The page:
Wednesday, April 1, 2015

Avard Fairbanks Exhibit


The Peteetneet Museum feels very fortunate to have a small part of the works of Avard Fairbanks.  The pieces we have in our collection are only plaster casts and the original bronze pieces are located at other locations in the United States.  The John Fairbanks family was one of the important familes in the history of early Payson.  John was Avard’s grandfather. 
    Avard Tennyson Fairbanks. Born in Utah in 1897, was a prolific 20th century American sculptor. Three of his sculptures are in the United States Capitol and the state capitols in both Utah and Wyoming, as well as numerous other locations, also have his works. Possibly his most well-known artistic contribution was designing the ram symbol for Dodge.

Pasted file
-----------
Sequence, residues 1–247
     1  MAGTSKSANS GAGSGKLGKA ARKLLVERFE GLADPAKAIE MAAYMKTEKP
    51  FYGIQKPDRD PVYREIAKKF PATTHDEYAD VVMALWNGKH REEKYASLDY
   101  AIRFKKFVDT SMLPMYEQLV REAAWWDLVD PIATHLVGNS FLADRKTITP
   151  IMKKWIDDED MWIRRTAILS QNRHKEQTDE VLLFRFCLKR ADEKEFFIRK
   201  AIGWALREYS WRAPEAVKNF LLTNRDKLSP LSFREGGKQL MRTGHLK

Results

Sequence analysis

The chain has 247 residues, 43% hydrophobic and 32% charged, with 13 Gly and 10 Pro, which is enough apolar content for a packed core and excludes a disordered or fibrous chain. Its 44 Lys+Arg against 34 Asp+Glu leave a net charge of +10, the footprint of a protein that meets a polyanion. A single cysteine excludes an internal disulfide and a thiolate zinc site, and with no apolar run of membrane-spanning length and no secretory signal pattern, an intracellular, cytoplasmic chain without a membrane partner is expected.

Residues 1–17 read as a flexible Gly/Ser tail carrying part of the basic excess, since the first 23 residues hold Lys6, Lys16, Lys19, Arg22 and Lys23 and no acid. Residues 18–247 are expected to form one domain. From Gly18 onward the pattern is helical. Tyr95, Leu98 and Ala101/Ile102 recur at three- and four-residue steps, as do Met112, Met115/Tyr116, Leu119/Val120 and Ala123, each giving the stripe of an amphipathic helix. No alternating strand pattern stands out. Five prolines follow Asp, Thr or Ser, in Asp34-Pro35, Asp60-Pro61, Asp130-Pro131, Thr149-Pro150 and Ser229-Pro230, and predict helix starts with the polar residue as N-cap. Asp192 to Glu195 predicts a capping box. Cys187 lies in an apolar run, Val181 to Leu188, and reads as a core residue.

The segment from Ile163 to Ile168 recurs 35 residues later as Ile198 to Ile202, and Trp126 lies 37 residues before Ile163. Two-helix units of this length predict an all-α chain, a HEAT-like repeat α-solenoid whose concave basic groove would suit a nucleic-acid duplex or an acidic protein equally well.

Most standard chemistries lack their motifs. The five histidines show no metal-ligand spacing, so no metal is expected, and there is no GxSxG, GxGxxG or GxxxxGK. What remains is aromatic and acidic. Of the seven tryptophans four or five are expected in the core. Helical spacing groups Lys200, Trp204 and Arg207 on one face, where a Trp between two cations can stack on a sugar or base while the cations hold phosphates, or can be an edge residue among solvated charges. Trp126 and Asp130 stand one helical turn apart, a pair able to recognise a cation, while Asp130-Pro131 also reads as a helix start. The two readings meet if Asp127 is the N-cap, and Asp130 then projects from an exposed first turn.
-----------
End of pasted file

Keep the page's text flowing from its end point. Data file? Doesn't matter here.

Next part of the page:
The pieces if the Avard T. Fairbanks Collection at Peteetneet includes the large stature of Spencer Penrose. He was the father of the copper industry in Utan. The bronze casting of this piece is at the Broadmore Hotel in Colorado Springs, Colorado.
    The buffalo plaster cast was originally presented to Payson High School.  The had originally called themselves the Farmers and then the Beet Diggers.  They became the Buffalos after Mr. Fairbanks presented themwith the model. They changed their mascot to the Payson Lions in 1928 in honor of the local Lion’s Club who was one of their supporters.
In 1929 a rising young sculptor with ties to Payson, Utah arrived at the University of Michigan-Ann Arbor to head up the sculpture department. He needed a more reliable car than his 1928 Willys- Knight with its sleeve-valve motor that wouldn't start on cold winter mornings. But it was the Depression and he didn't have any more money than anyone else.